Although fictional, Josie’s story is far more representative of the average plaintiff than the stereotype of the devious plaintiff trying to make a quick buck. Almost every week for the past few months, I’ve had lunch with plaintiffs awaiting justice.
I met Lorraine, who shared with me how her knee was injured in a car accident that was not her fault. Despite her doctor’s orders, Lorraine has delayed surgery for years while waiting for her settlement, unable to afford the childcare that her family needs during recovery.
I met Archie, whose lawyer warned that he will receive less than he deserves from the defendant if he continues missing visits to the doctor. Archie does not always have the few dollars needed to take the subway to his appointments, and Archie’s attorney, like all attorneys, is ethically prohibited from lending him a dime for non-legal expenses.
In the United States, many lawsuits take years to resolve. If a plaintiff is one of the 76 percent
of Americans who are living paycheck to paycheck, those years of waiting may be worse than the accident itself. Many plaintiffs are mired in a prolonged struggle to get over the worst days of their lives. And when their case finally settles, they usually end up with far less than what most people would expect. The worst part is that we have resigned ourselves to these conditions. We know that our legal industry is too big, too slow, and too old to change. But there is a new solution, one that leverages free-market dynamics to restore balance in our civil justice system: plaintiff financing.
Plaintiff financing provides plaintiffs with funds that enable them to live their lives while they wait for fair settlement offers. It’s not a loan; it’s an investment, which yields a return to the investor only if a plaintiff’s case settles or is won.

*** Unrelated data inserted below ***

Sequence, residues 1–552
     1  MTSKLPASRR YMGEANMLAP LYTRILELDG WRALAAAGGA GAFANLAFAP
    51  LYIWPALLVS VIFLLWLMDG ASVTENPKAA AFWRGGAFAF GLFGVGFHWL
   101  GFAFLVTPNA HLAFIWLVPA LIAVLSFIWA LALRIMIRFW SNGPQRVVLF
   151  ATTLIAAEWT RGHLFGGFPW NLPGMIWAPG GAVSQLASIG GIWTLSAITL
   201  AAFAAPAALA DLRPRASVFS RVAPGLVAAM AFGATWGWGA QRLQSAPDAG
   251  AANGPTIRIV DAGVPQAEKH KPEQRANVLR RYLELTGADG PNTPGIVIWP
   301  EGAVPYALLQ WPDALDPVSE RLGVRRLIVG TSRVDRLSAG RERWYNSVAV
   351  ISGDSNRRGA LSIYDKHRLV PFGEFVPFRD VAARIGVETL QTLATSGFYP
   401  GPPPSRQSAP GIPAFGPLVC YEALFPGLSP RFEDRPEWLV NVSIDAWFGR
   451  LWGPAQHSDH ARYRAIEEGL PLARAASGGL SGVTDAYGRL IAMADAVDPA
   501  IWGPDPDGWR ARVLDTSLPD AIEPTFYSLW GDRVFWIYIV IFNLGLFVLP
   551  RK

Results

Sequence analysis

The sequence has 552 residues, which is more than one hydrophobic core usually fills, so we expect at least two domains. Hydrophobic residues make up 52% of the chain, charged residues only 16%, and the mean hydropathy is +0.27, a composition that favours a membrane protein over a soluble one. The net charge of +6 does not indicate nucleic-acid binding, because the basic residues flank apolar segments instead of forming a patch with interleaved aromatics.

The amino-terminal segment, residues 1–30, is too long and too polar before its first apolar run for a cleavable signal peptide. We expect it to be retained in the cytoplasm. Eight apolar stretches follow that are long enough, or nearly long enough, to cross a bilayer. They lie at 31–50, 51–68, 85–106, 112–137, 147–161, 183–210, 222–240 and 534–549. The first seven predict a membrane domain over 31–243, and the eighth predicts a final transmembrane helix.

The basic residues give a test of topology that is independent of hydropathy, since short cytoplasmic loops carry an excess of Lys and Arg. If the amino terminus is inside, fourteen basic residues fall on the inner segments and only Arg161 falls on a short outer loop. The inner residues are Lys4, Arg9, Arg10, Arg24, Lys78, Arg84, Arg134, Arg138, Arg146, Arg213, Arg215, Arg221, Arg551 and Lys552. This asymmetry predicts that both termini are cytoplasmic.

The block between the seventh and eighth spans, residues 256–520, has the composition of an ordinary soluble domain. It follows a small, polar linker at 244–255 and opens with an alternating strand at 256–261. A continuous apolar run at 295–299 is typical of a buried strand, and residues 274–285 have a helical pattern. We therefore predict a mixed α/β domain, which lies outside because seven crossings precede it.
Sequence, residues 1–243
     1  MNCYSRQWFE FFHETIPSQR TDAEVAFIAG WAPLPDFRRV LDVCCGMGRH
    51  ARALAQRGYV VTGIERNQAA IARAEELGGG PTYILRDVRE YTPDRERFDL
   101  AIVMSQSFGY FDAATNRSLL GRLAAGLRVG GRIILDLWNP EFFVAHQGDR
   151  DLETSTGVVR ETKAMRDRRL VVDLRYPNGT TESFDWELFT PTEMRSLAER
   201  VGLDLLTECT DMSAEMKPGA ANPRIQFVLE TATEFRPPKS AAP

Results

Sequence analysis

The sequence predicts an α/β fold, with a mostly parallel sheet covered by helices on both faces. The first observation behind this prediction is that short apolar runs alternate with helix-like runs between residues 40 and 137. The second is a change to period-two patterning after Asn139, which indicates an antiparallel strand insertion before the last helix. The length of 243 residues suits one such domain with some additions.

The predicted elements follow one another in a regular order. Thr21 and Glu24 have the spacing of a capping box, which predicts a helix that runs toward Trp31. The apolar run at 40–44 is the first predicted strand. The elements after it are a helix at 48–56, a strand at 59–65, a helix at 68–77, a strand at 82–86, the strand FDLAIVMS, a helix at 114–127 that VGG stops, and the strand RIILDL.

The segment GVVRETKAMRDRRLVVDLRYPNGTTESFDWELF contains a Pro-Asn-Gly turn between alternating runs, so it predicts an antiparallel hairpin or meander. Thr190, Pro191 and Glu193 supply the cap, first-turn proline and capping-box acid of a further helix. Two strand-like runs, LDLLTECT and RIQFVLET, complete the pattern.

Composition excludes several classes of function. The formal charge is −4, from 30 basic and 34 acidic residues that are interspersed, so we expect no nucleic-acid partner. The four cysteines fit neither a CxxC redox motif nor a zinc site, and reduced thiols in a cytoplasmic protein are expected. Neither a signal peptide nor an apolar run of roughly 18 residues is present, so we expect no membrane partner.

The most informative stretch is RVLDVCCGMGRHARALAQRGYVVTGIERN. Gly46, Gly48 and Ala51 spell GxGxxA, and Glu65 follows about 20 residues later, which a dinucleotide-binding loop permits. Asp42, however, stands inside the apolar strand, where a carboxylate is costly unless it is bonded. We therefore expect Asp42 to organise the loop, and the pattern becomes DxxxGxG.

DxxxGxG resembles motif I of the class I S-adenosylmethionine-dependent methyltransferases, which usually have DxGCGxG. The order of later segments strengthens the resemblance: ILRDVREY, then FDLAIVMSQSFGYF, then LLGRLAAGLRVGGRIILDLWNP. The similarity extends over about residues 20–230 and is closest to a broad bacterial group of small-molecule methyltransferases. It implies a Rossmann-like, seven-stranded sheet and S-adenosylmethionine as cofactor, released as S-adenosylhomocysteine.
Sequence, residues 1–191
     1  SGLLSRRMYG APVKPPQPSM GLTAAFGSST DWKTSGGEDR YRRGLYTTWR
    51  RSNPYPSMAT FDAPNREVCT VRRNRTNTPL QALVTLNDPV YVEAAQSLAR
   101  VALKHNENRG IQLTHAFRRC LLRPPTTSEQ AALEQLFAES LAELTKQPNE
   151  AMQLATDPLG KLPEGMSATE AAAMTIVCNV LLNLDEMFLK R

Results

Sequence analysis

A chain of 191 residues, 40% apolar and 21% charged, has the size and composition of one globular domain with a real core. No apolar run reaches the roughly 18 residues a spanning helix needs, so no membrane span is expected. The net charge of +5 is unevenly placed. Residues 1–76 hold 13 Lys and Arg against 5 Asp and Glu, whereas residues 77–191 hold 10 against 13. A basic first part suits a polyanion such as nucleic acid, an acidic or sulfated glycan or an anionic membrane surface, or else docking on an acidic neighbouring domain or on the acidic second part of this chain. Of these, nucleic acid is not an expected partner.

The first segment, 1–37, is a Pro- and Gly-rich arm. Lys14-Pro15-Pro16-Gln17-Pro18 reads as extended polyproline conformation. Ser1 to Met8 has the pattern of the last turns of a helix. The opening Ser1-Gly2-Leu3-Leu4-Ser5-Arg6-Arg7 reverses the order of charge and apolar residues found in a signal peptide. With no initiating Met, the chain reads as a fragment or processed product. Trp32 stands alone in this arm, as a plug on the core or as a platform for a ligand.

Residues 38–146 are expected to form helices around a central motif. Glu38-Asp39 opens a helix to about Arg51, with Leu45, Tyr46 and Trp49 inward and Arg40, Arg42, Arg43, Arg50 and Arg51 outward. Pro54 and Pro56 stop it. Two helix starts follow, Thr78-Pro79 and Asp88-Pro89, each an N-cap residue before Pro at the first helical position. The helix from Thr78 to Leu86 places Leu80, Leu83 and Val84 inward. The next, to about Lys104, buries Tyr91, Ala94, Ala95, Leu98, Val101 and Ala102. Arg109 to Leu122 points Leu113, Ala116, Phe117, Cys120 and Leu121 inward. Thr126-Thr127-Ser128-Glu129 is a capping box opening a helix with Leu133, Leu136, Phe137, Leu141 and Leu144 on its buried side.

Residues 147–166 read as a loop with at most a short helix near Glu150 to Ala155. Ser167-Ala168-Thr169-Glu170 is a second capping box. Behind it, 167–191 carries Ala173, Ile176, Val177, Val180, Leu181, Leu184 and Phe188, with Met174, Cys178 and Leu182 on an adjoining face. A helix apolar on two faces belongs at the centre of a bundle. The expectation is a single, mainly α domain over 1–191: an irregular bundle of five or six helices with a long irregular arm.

In the amoral language of finance, when someone is wrongfully harmed, an“asset” is created based on the future compensation they expect to receive from their case settlement. Plaintiffs can then assign part of that future compensation to investors who believe in the merits of their claims. It’s nearly identical to how plaintiffs assign a portion of their cases to contingency attorneys in exchange for legal representation, except plaintiff financing for personal injury cases covers rent, medical bills, and other critical expenses that accumulate after the accident.
For Josie, plaintiff financing is the mirror equivalent of what Kara receives through her liability insurance. Kara bears little-to-no financial risk because her insurance company bears it for her. Without plaintiff financing, Josie must essentially bear all of the costs that have resulted from the aftermath of her injury. Professor Charles Silver at University of Texas Law School argues
that just as liability insurance shifts liability to insurers, plaintiff financing can shift the bulk of a plaintiff’s expenses to investors.